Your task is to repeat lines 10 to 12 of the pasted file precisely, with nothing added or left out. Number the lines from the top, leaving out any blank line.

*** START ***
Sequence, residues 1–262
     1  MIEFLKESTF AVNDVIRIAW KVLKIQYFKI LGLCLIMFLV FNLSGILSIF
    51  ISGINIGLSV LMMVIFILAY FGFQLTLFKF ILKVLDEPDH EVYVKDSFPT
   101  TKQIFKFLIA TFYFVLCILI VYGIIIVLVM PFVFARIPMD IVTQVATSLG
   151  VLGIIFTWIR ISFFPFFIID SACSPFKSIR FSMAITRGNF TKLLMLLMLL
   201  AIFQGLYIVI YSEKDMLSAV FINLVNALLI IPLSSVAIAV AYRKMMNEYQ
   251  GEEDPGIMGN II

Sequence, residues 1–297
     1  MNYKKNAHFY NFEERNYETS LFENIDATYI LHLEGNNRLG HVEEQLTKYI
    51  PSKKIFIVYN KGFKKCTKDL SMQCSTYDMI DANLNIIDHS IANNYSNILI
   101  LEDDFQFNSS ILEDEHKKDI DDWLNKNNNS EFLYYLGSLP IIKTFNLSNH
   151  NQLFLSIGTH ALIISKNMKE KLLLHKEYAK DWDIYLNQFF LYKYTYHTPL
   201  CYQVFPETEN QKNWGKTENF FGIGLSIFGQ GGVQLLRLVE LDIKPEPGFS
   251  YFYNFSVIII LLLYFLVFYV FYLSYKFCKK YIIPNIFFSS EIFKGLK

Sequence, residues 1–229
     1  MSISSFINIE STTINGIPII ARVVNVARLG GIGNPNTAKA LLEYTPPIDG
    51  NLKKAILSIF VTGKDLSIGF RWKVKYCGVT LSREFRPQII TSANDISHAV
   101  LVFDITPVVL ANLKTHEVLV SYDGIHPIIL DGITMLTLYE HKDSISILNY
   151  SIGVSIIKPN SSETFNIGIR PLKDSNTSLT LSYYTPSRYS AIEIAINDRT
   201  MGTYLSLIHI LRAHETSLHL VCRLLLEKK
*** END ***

    51  PSKKIFIVYN KGFKKCTKDL SMQCSTYDMI DANLNIIDHS IANNYSNILI
   101  LEDDFQFNSS ILEDEHKKDI DDWLNKNNNS EFLYYLGSLP IIKTFNLSNH
   151  NQLFLSIGTH ALIISKNMKE KLLLHKEYAK DWDIYLNQFF LYKYTYHTPL